Water Into Wine
2nd Sunday of Ordinary Time (C) | Fr Dominic Ryan analyses the various elements of today’s Gospel to show us the significance of this miracle.
Today’s gospel recounts the famous story of the wedding feast at Cana. It’s the first manifestation of Christ’s divine power and I’m sure we all know the story well. Jesus was attending a wedding with his mother when the hosts ran out of wine. At Mary’s suggestion Jesus changed water into wine, so that their hosts could avoid the embarrassment of not being able to serve wine to their guests. In some ways it’s a strange miracle. Jesus was clearly reluctant to intervene, pointing out that his “hour had not yet come” and in the end appeared only to act because Mary encouraged him to do so. So what’s this all about?
Well, take the act itself, converting water into wine. That’s not something any of us can do. Certainly, we can add a few grapes, jump up and down on them, heat the mixture up, and do whatever else is necessary to make wine. But that’s not the same as converting water into wine, not by a long chalk. What we have here is the power of God manifesting itself in the world to bring about something only God could do, namely change a quantity of water into the same amount of wine. It’s about God acting through Christ in a way that gives us a sign of who is at work here; only God can act in this way and since Christ is acting in this way then Christ must be God. So it’s about an implicit confirmation of who Christ is. And it’s about Christ beginning the public phase of his mission. Christ will redeem the world from sin. He’s got the power to do that and this wedding feast is a demonstration of that very power.
Yet there’s more. I don’t think it can be a coincidence that the containers the water was in were used for Jewish ritual ablutions. Ritual ablutions were governed by Jewish ceremonial precepts. They were in essence part of the Old Law of Hebrew Scripture and when the Word became incarnate, he would perfect this law. As a result, there would no longer be any need to follow Jewish liturgical and ritual practice. And subsequently the need for ceremonial precepts would diminish so that they together with Jewish judicial and moral precepts would be perfected and fulfilled in the new Law of the gospel, the Law of Grace. Nor should we ignore the enormous quantity of water that was converted into wine – more than 100 gallons. It’s clearly symbolic: water is to the Old Law what wine is to the new law of grace. And just as there would be no shortage of wine at Cana, once Jesus had acted at least, nor would there be any shortage of grace in the new Law of the gospel, which Christ would inaugurate through his life, death and resurrection.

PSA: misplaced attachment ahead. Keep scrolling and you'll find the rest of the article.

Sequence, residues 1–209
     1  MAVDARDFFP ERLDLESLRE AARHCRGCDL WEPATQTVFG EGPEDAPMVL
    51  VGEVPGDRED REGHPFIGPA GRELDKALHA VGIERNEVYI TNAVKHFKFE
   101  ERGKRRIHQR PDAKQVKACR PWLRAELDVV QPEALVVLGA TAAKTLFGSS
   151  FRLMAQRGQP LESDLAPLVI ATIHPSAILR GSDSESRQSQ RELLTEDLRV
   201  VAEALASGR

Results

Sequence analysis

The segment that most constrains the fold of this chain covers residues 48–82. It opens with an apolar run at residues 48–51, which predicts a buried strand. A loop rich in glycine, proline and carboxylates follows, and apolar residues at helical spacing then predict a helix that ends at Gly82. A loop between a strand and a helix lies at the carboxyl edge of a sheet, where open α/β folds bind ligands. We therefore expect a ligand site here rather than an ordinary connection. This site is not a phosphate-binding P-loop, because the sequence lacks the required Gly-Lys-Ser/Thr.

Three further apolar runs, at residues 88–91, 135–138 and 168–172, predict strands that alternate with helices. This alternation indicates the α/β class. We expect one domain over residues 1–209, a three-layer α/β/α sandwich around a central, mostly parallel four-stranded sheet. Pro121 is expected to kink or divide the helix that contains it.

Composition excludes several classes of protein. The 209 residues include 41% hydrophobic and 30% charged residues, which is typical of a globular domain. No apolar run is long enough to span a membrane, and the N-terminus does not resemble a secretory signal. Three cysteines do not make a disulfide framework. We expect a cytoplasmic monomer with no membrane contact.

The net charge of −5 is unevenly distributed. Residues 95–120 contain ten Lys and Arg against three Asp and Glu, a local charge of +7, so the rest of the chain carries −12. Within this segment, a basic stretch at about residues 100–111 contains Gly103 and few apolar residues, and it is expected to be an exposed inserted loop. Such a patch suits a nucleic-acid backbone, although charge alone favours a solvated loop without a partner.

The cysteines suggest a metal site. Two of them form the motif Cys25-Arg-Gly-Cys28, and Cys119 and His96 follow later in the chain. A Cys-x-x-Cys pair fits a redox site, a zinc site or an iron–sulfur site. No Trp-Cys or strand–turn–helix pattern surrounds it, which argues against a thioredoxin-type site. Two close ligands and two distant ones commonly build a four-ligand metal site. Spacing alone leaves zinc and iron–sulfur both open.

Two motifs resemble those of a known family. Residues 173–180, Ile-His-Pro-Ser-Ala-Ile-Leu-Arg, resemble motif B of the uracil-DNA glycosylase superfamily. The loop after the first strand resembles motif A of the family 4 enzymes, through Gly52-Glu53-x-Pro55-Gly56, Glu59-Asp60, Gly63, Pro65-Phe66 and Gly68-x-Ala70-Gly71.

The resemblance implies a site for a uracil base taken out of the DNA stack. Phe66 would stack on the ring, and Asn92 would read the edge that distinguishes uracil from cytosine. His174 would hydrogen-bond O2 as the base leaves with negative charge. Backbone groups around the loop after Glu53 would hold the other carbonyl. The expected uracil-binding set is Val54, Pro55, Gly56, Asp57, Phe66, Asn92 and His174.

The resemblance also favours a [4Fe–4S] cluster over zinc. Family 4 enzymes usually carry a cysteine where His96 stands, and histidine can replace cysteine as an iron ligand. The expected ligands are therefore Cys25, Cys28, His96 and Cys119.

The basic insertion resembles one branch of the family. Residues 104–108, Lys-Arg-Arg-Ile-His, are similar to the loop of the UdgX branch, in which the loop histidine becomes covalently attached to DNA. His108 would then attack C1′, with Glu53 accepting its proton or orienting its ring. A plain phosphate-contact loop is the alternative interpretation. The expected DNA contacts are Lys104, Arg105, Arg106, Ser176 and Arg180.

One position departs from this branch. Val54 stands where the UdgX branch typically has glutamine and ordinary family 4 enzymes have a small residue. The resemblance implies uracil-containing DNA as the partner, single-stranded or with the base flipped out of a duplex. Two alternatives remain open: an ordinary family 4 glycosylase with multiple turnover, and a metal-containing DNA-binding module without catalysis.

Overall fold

But as well as the act we can also consider the roles of those who witnessed it, Our Lady and the servants. Take Our Lady; she has a crucial role here, one that testifies to her role in the history of salvation. Mary is the one who encourages Jesus to act. Mary intercedes on behalf of the hosts of the wedding and Jesus responds to her. And just as Jesus responds to Mary’s intercession then so also he responds to her intercession today. This means of course when we ask Mary to intercede on our behalf with Christ, we have a powerful advocate on our side.
But we should also think about the servants. They are the only ones who recognise what has happened. Everyone else just enjoys the wine ignorant of its provenance; the servants, however, know what has happened. And there’s a message there for us. To recognise what Christ is doing in a particular situation we have to be part of that situation. The servants knew what was going on because they were part of it and it’s the same for us. What Christ does won’t always be obvious to us but nevertheless he’s there at work in our lives and in our world. And we have to make an effort to involve ourselves with Christ so that we too can see what he’s doing.
So there are at least three things going on in the wedding feast at Cana. We’ve got Christ revealing himself as divine and beginning the public phase of his mission. We’ve got Our Lady showing the influence she has with Christ and showing what can happen if we avail of her intercession. Finally, we’ve got the servants seeing what happened, becoming a part of it, and understanding what’s going on. Each element of the feast is important; each element has a message for us. Let’s take it all on board and put it to practice in our lives.
Photograph by Fr Lawrence Lew OP of a ceiling painting in the church of the Holy Rosary in Portland, Oregon.